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Browsing named entities in a specific section of Harper's Encyclopedia of United States History (ed. Benson Lossing). Search the whole document.

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ssfully in New York, and was made recorder of the city in 1773. Of this office he was deprived early in 1775, because of his espousal of the patriot cause. He was elected to the Continental Congress in 1775, and was one of the committee appointed to draft a declaration of independence, but his necessary absence from Congress prevented his signing it. On the organization of the State of New York under a constitution, he was appointed chancellor, and held that post until 1801. In 1780 he was again a member of Congress, and was secretary for foreign affairs from 1781 to 1783. Mr. Livingston was a member of the convention of New York which adopted the national Constitution, and voted for it. Minister plenipotentiary to France, from 1801 to 1804, he secured the secession of Louisiana (q. v.) to the United States. He was the coadjutor of Fulton in per- Robert R. Livingston. fecting the system of steam navigation. He died in Clermont, N. Y., Feb. 26, 1813. See steamboat, invention of.
King's college (United Kingdom) (search for this): entry livingston-robert-r
Livingston, Robert R. 1747-1813 Statesman; born in New York City, Nov. 27, 1747; graduated at King's College in 1765; practised law successfully in New York, and was made recorder of the city in 1773. Of this office he was deprived early in 1775, because of his espousal of the patriot cause. He was elected to the Continental Congress in 1775, and was one of the committee appointed to draft a declaration of independence, but his necessary absence from Congress prevented his signing it. On the organization of the State of New York under a constitution, he was appointed chancellor, and held that post until 1801. In 1780 he was again a member of Congress, and was secretary for foreign affairs from 1781 to 1783. Mr. Livingston was a member of the convention of New York which adopted the national Constitution, and voted for it. Minister plenipotentiary to France, from 1801 to 1804, he secured the secession of Louisiana (q. v.) to the United States. He was the coadjutor of Fulton in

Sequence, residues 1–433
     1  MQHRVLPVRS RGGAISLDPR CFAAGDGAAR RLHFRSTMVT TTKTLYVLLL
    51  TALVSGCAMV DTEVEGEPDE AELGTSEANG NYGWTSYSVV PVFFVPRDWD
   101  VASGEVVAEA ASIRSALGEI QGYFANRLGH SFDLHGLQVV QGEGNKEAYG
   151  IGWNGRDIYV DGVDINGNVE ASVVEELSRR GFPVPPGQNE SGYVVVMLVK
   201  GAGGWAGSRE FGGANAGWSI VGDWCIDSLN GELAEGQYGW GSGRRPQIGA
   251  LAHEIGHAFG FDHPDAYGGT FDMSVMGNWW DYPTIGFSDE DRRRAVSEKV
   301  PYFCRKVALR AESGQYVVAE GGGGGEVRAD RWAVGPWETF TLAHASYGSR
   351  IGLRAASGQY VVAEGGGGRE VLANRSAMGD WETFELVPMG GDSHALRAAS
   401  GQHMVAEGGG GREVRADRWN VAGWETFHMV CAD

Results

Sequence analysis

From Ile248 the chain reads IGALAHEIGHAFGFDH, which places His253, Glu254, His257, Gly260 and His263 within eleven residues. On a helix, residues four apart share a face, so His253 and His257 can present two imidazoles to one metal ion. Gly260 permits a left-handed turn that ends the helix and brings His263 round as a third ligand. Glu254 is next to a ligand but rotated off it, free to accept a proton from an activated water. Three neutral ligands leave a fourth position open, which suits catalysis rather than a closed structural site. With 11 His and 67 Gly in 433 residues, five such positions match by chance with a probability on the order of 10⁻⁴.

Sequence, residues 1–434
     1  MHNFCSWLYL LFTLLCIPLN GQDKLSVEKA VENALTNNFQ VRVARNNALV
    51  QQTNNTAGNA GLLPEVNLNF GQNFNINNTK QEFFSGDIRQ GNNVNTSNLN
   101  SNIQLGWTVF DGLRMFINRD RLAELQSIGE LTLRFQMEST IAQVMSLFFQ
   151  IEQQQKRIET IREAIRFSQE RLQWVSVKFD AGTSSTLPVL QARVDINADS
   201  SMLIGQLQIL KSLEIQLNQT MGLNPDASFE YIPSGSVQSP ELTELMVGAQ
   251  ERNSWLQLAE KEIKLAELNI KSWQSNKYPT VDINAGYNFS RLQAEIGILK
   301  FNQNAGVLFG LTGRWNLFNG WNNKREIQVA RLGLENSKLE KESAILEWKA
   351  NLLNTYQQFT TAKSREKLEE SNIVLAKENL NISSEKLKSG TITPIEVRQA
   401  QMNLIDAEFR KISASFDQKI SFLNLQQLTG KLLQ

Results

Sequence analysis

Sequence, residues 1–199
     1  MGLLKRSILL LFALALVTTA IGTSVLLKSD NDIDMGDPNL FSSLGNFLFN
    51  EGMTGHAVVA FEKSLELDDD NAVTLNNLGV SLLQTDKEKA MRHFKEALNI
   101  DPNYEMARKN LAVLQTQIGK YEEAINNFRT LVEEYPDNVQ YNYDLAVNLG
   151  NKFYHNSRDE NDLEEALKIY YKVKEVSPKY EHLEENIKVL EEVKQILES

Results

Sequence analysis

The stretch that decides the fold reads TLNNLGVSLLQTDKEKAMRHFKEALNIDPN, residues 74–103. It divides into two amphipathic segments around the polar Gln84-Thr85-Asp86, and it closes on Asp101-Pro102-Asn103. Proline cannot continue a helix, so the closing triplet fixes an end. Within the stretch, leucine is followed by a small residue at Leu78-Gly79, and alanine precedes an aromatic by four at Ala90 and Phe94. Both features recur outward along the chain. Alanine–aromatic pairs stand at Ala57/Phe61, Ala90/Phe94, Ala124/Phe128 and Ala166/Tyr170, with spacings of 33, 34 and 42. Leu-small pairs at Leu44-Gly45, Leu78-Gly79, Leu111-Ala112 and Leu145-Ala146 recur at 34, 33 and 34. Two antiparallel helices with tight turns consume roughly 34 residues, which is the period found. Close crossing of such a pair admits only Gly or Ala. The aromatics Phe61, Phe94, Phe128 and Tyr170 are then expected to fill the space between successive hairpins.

Clermont, N. Y. (New York, United States) (search for this): entry livingston-robert-r
sfully in New York, and was made recorder of the city in 1773. Of this office he was deprived early in 1775, because of his espousal of the patriot cause. He was elected to the Continental Congress in 1775, and was one of the committee appointed to draft a declaration of independence, but his necessary absence from Congress prevented his signing it. On the organization of the State of New York under a constitution, he was appointed chancellor, and held that post until 1801. In 1780 he was again a member of Congress, and was secretary for foreign affairs from 1781 to 1783. Mr. Livingston was a member of the convention of New York which adopted the national Constitution, and voted for it. Minister plenipotentiary to France, from 1801 to 1804, he secured the secession of Louisiana (q. v.) to the United States. He was the coadjutor of Fulton in per- Robert R. Livingston. fecting the system of steam navigation. He died in Clermont, N. Y., Feb. 26, 1813. See steamboat, invention of.
New York State (New York, United States) (search for this): entry livingston-robert-r